Please welcome today’s guest writer, Kai Koopman (’14). Kai studied writing and art history at Calvin and now works for a non-profit in Grand Rapids. He loves exploring words and wilderness and is joyfully awaiting his next adventure—getting married in the fall.

 

Most college students experience an abrupt transition after graduation. For some, it’s moving to a new country. For others, it’s moving back home.

I started driving a moving truck.

Yes, I take immense pleasure in that aspect of my job. For one thing, my mechanical sense is so poor that a year of truck driving has gone a long way toward bolstering my determined pursuit of trade skills.

(The chasm between my dream and reality is vast, though. Just last month, I learned to inflate my car tires properly after fumbling with the pump, and then sheepishly asking a gas station attendant how it worked in front of my girlfriend (now fiancé, actually—that must have won her over.))

It’s a 17’ Ford E-350 box truck, to be exact.

For most of the past year, I’ve served as an AmeriCorps member based at a local non-profit, working to provide secure homes—and all the furniture to go inside—for refugees resettling to Grand Rapids. In plain terms, I’ve been the human conduit between those who have extra space and stuff and those who don’t.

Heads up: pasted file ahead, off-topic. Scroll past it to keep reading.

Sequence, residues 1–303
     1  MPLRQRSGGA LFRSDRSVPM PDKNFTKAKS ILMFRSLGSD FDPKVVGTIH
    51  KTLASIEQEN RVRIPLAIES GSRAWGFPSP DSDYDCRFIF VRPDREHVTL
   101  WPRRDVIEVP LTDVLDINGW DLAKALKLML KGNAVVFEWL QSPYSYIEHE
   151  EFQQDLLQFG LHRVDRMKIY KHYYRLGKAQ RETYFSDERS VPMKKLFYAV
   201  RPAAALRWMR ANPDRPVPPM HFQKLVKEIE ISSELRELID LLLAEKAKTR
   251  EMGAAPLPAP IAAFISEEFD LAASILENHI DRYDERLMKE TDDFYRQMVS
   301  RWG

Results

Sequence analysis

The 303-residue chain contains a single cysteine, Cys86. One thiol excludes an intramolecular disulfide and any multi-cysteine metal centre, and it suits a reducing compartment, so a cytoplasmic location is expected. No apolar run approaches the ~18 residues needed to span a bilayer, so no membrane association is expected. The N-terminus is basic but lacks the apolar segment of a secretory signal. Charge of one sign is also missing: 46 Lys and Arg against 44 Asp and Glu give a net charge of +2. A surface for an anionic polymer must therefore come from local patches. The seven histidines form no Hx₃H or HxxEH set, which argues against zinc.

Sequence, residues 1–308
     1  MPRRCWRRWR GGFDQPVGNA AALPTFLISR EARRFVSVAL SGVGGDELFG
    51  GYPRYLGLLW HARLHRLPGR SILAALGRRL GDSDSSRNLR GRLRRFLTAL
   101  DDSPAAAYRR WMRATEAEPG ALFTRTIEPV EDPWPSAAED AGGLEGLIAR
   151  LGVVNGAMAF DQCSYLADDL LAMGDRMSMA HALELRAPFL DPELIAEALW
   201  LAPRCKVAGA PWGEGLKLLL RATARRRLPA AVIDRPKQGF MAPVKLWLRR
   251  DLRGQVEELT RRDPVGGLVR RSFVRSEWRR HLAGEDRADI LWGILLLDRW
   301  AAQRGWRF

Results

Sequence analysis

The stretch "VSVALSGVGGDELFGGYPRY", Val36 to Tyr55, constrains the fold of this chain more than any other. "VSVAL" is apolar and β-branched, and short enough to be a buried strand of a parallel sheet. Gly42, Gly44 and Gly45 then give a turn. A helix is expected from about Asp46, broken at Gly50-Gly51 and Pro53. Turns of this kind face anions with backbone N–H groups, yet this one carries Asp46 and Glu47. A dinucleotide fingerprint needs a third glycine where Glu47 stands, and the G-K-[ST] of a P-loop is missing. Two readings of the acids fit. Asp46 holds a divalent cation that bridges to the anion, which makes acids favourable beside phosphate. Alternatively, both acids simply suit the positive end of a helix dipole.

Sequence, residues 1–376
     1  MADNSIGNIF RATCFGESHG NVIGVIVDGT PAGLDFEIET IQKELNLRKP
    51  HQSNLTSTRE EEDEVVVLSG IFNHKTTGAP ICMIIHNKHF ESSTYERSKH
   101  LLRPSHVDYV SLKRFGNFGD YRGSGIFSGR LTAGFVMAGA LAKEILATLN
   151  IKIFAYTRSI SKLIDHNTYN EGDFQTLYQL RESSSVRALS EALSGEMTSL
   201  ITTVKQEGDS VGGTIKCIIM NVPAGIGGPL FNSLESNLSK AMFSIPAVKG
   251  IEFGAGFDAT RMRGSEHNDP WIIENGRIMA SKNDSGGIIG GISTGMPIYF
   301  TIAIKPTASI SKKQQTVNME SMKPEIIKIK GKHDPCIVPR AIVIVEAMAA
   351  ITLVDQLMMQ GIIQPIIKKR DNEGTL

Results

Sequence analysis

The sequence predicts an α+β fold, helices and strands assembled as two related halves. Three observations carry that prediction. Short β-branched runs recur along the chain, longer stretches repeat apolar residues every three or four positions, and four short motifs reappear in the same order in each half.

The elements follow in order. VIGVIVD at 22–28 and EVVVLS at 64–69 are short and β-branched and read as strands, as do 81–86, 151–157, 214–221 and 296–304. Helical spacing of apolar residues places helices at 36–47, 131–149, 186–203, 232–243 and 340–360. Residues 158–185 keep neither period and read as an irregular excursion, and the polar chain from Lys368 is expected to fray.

It’s a strange position to occupy, especially a year after ruminating on the poet Christian Wiman’s remarks on “being nowhere” in his book of essays, Ambition and Survival. Now, many of the people I serve have literally been homeless, even stateless—experiencing some lack or another for an inhuman amount of time. To categorize my own internal listlessness as “being nowhere” seems flimsy against the exigencies of physical need.

I can now confidently navigate all quadrants of Grand Rapids without GPS. Whereas before, I only really had the corridor between Eastown and Calvin memorized.

Beyond an improved directional sense, as a mover, I’ve witnessed the flowing current of physical trappings (mostly furniture) from place to place. By now, a few couches and rocking chairs have passed through my hands, on their way to fill another house or apartment. In each place they say, “Welcome. This is your home. Be at rest.”

I glean donated furniture after things that mark some kind of unraveling—an estate sale, a move, a downsizing. I’ve begun to think of my work as a conservation of energy between excess and lack, between different kinds of placelessness. To be in the business of collection, rather than dispersal, seems to be a decidedly un-Millennial task. I flock to the places people are leaving and liquidating—self-storage complexes and vacant warehouses—in order to gather enough material for a new transplant.

The date of a house’s construction, its layout and its neighborhood all determine how it can be furnished.

The other week, I struggled to move a large couch through a narrow upper floor doorway. Other times, stairwells have been too short and thin for a queen box spring and bed. A home, by definition, is a unique container that holds idiosyncratic things and specific presences.

A green easy chair. A china plate with ‘Arizona’ printed in red letters. A Gollum statuette. My bedroom.

I’ve discovered the physicality of home—and that the elusive currents of need and excess can flow together and collect in spare eddies—even at the right time, and in the right place. And if you give me a call, I’ll be there with my truck.

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